GFR is the best indicator of renal function in children and adolescents and is critical for diagnosing acute and chronic kidney impairment, intervening early to prevent end-stage renal failure, prescribing nephrotoxic drugs and drugs cleared by a failing kidney, and monitoring for side effects of medications. Renal inulin clearance was the gold standard for GFR but is compromised by lack of availability, difficult assays, and problems of collecting timed urine samples, especially in children with vesicoureteral reflux or bladder dysfunction. Creatinine clearance-based estimates of GFR are often used in pediatrics. The addition of cimetidine to eliminate creatinine secretion permits accurate measurement of GFR in those who can completely empty their bladders to provide timed urine collections. Radioisotopes are used in plasma disappearance GFR determinations; however, these are not ideal for use in children, especially for repeated studies. The plasma disappearance of iohexol serves as a promising alternative GFR marker, because it is safe and not radioactive, easily measured, not metabolized or transported by the kidney, and excreted primarily by glomerular filtration. GFR estimating equations, based on serum concentrations of creatinine or cystatin C, are popular clinically and in research studies. Efforts are ongoing to improve these estimating equations for children and make the results readily available to clinicians obtaining standard chemistry profiles, as is being done for adults. However, at this time, there is no dependable substitute for an accurately determined GFR, and iohexol plasma disappearance offers the best combination of safety, accuracy, and reproducible precision.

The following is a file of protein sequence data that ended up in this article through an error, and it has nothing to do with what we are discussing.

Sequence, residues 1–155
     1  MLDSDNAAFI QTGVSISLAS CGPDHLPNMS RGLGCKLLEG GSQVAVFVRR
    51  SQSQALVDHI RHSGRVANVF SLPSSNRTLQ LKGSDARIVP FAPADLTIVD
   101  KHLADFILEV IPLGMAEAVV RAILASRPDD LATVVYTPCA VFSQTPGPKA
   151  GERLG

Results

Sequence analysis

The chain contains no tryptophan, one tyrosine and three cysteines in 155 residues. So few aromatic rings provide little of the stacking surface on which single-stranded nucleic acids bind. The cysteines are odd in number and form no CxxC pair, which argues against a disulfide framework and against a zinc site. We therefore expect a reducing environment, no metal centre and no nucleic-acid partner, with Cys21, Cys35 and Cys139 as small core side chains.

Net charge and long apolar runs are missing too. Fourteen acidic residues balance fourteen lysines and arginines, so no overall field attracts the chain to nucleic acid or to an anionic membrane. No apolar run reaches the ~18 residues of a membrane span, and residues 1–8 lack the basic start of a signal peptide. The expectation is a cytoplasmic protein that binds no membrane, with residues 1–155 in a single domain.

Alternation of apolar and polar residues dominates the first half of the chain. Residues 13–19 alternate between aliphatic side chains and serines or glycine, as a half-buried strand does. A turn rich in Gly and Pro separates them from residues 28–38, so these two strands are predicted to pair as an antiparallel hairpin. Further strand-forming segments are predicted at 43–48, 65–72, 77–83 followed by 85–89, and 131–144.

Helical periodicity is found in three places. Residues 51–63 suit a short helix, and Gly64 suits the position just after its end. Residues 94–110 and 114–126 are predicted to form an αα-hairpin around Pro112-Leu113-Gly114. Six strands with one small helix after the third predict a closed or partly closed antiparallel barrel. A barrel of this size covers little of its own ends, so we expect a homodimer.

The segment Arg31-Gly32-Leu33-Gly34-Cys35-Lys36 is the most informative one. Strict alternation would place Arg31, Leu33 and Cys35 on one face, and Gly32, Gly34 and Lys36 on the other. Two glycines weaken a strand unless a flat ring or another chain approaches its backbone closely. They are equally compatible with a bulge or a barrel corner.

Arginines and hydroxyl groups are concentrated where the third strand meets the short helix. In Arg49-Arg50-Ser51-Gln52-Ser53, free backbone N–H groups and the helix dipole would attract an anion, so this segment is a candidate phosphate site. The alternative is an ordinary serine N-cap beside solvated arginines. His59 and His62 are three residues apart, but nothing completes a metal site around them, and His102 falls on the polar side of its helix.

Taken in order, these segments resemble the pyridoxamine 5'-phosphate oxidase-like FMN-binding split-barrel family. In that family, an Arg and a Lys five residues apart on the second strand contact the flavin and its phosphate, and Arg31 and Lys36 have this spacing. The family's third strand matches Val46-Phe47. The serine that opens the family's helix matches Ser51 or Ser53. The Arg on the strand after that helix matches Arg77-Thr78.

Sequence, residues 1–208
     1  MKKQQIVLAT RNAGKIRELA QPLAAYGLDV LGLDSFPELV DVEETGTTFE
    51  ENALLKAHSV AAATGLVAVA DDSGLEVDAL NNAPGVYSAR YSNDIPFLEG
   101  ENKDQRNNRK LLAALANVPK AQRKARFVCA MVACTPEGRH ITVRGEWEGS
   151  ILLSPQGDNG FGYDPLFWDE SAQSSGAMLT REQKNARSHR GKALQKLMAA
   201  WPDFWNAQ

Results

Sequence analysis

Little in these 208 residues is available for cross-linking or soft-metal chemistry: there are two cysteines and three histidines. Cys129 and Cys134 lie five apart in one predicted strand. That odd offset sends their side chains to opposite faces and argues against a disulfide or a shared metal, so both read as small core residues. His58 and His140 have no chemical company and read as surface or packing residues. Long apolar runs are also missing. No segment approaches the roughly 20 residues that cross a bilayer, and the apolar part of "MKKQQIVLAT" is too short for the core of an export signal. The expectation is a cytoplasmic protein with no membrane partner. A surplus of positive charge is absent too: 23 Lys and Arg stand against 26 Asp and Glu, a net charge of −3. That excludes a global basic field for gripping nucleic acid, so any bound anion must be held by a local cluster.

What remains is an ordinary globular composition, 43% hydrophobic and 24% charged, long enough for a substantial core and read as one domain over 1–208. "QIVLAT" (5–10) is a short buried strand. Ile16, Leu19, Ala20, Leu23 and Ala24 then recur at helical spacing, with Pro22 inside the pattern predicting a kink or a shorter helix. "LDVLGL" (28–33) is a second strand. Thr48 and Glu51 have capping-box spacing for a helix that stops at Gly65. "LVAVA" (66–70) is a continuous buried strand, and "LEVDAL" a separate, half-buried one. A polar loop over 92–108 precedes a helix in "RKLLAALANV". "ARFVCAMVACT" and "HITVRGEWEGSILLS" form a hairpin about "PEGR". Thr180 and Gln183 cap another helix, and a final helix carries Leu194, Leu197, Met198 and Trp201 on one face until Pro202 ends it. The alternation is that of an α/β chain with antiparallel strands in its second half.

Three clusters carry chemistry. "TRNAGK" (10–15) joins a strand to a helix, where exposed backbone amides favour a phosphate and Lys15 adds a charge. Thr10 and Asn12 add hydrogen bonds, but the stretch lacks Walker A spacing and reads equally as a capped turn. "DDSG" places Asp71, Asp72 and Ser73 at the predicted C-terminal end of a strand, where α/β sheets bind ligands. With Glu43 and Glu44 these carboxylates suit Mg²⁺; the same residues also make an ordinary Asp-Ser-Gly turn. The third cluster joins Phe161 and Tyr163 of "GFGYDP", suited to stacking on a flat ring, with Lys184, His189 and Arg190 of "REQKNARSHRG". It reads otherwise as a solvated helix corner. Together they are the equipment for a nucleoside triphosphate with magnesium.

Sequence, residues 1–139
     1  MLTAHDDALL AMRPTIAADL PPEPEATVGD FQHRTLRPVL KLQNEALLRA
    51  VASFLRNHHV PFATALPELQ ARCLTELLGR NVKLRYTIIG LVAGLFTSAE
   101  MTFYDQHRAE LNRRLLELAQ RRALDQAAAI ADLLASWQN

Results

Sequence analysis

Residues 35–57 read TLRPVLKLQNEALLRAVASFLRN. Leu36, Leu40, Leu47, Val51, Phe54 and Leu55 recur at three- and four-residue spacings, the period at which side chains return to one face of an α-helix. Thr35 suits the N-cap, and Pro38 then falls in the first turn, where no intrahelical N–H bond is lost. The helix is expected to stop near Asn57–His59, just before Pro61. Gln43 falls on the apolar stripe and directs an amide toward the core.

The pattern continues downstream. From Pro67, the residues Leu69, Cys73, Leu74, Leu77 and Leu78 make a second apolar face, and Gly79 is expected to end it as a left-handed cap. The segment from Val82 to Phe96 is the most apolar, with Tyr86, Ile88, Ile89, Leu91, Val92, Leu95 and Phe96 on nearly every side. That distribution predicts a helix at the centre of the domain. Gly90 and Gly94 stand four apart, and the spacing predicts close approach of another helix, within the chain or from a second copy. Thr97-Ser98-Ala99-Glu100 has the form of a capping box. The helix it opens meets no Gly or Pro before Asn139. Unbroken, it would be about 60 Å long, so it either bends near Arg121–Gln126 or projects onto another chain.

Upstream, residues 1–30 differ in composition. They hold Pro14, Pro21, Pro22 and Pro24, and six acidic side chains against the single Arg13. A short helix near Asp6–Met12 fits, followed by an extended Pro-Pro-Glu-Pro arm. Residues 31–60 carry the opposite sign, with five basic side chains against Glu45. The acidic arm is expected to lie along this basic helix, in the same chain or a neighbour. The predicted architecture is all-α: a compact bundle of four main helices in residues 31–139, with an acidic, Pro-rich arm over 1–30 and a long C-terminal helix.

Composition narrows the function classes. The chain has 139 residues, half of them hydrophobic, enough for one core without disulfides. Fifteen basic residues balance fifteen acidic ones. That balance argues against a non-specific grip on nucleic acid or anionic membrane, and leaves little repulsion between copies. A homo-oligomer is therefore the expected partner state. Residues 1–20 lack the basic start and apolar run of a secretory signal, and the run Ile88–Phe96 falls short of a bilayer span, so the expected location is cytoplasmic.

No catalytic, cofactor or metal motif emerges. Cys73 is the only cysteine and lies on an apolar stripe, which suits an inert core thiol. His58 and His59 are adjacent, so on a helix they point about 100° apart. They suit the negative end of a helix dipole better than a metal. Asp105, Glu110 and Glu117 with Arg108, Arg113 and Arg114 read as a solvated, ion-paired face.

Author and article information

                Kidney Diseases
                S. Karger AG
                March 2022
                24 January 2022
                : 8
                : 2
                : 148-159
                [_a] aDepartment of Paediatrics, Region Västra Götaland, Sahlgrenska University Hospital, Gothenburg, Sweden
                [_b] bDepartment of Paediatrics, Institute of Clinical Sciences, Sahlgrenska Academy, University of Gothenburg, Gothenburg, Sweden
                [_c] cDepartment of Children and Adolescents, Oulu University Hospital, Oulu, Finland
                [_d] dPEDEGO Research Unit, Research Unit for Pediatrics, Pediatric Neurology, Pediatric Surgery, Child Psychiatry, Dermatology, Clinical Genetics, Obstetrics and Gynecology, Ophthalmology, Otorhinolaryngology, Medical Research Center Oulu (MRC Oulu), University of Oulu, Oulu, Finland